Our problem is not marketing a popular "product"; it's that many people don't even know what liberty is. That liberty does not entitle one to subsidies. That liberty is not democracy; just because a majority voted for it, and it's legal, does not make it moral. That liberty demands you respect the rights of others -- even of foreigners and "bad people."
I am baffled by Libertarians who attack Schwarzenegger for expanding government, yet who want to ignore political education in favor of "getting votes." If an uneducated electorate thought Gingrich and Schwarzenegger's tepid agendas were "too extreme," then how much more so must the LP compromise to compete for votes?
Of course, we can run candidates on those pro-liberty issues that are already popular with most voters (such as ending the war -- thank God most Americans do not see the war as "liberty maximizing"). But if we are to "get votes" without selling out, we must change the culture through educational election campaigns, and the arts, and any other means available. Otherwise, even if we are elected to office, the people will block our reforms.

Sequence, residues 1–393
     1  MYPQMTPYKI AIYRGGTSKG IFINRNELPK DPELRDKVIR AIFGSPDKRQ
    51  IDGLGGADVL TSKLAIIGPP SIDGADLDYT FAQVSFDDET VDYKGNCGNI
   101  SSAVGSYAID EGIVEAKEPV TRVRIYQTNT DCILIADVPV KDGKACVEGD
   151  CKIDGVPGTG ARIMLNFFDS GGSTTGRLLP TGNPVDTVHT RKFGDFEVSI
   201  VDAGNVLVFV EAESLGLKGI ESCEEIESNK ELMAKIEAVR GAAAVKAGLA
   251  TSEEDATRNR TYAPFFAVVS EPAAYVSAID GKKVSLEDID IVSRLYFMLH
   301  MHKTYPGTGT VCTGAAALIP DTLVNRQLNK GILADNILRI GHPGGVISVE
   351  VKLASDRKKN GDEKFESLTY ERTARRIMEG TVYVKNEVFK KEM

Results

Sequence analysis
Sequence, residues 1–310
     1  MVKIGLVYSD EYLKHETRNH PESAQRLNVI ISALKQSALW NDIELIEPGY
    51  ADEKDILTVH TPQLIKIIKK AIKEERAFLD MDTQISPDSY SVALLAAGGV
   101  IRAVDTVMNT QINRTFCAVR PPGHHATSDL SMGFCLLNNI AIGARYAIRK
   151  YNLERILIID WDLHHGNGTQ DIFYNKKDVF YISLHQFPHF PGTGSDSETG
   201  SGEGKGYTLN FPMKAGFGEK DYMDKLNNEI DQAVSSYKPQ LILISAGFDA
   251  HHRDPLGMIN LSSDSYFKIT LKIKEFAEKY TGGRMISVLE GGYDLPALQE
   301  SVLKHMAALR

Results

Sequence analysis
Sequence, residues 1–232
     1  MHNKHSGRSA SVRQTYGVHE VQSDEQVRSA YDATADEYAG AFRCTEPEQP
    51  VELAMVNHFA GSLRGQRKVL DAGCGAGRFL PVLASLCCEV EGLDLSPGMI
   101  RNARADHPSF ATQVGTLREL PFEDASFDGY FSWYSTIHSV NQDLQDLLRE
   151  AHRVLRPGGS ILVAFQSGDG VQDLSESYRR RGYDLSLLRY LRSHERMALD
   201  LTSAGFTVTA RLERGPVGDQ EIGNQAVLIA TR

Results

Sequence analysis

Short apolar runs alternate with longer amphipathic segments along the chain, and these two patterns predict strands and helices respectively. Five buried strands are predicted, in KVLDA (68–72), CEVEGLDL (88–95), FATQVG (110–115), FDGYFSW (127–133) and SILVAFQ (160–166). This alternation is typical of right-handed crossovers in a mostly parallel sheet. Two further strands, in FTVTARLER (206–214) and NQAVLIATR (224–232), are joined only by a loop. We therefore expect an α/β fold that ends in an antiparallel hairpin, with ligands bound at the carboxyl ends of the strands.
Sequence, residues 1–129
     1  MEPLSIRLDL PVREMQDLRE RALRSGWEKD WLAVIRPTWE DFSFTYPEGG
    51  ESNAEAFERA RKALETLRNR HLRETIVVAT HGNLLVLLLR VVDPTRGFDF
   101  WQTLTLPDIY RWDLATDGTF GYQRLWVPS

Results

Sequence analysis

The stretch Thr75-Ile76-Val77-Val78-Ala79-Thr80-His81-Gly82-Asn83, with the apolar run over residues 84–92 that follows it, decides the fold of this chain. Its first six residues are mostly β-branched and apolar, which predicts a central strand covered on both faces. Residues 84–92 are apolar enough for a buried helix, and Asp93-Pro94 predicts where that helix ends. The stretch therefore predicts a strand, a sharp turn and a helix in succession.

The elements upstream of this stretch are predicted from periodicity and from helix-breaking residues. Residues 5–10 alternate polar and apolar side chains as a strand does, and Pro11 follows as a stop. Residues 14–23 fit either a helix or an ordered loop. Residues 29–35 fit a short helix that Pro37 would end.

Why We Oppose the National Defense Authorization Act - The moment of ending a war widely viewed as a 20-year catastrophe, having spent $21 trillion on militarism during those 20 years, and the moment when the...
19 hours ago